We review a number of issues regarding missing data treatments for intervention and prevention researchers. Many of the common missing data practices in prevention research are still, unfortunately, ill-advised (e.g., use of listwise and pairwise deletion, insufficient use of auxiliary variables). Our goal is to promote better practice in the handling of missing data. We review the current state of missing data methodology and recent missing data reporting in prevention research. We describe antiquated, ad hoc missing data treatments and discuss their limitations. We discuss two modern, principled missing data treatments: multiple imputation and full information maximum likelihood, and we offer practical tips on how to best employ these methods in prevention research. The principled missing data treatments that we discuss are couched in terms of how they improve causal and statistical inference in the prevention sciences. Our recommendations are firmly grounded in missing data theory and well-validated statistical principles for handling the missing data issues that are ubiquitous in biosocial and prevention research. We augment our broad survey of missing data analysis with references to more exhaustive resources.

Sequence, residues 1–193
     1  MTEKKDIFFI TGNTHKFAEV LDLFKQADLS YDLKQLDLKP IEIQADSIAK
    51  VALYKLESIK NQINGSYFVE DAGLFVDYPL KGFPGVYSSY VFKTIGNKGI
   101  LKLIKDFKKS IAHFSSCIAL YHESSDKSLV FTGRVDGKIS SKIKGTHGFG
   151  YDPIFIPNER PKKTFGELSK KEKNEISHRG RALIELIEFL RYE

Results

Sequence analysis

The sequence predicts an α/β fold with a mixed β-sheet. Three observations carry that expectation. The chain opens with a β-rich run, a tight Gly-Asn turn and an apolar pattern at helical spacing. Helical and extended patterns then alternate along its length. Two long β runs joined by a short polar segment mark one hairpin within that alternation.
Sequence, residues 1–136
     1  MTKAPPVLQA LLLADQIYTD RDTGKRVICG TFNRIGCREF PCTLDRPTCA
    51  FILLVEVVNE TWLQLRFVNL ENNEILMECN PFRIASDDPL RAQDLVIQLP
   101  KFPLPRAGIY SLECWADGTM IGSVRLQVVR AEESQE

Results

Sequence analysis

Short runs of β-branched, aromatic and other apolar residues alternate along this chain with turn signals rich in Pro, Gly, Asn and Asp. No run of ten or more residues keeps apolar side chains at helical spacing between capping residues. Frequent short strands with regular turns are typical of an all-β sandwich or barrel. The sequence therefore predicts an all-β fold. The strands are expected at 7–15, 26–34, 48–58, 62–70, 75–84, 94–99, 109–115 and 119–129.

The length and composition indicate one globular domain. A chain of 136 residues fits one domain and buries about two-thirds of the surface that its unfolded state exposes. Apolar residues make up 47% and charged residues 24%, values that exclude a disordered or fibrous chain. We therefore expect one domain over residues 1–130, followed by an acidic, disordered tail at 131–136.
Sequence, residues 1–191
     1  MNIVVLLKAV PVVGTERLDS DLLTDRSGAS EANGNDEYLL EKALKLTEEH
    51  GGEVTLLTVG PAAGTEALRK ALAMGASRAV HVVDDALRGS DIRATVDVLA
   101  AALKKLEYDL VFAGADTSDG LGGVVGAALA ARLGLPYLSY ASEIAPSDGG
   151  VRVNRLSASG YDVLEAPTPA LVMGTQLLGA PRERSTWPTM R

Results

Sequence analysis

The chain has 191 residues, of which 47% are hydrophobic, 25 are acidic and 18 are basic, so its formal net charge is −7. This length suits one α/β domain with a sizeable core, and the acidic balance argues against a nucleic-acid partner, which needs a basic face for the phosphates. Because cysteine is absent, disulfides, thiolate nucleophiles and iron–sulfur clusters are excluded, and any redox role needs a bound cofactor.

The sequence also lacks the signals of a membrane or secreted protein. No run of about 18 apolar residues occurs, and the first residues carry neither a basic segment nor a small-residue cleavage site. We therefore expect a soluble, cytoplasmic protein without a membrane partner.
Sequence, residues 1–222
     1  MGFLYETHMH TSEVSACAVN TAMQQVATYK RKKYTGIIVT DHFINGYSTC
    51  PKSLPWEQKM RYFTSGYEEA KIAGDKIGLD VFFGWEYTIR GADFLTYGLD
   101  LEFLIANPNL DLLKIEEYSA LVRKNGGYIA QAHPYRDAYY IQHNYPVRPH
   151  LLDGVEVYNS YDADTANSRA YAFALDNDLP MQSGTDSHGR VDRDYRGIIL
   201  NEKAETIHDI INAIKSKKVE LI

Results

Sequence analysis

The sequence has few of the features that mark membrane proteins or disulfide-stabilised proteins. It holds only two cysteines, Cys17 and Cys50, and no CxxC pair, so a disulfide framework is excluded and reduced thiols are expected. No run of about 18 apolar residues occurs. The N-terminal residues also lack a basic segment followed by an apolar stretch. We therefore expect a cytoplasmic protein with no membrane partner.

KeywordsMissing data Multiple imputation Full information maximum likelihood Auxiliary variables Intent-to-treat Statistical inference
The authors wish to acknowledge the diligent assistance of Jacob Curtis, Brooke Bell, Naomi Norwid, Virginia Stokes, and Jacquelyn Wall in preparing the systematic literature review presented in this article.
Compliance with Ethical Standards
Conflict of Interest
Todd D. Little owns and receives remuneration from Yhat Enterprises (yhatenterprises.com), which runs educational workshops such as Stats Camp (statscamp.org), and processes his royalties and his fees for consulting on statistics and methods with life science researchers.
All procedures performed in studies involving human participants were in accordance with the ethical standards of the institutional and/or national research committee and with the 1964 Helsinki declaration and its later amendments or comparable ethical standards.
Informed consent was obtained from all individual participants included in the study.
This study was supported by grant NSF 1053160 (Wei Wu and Todd D. Little, co-PIs) and by the Institute for Measurement, Methodology, Analysis, and Policy (Todd D. Little, Director) at Texas Tech University.
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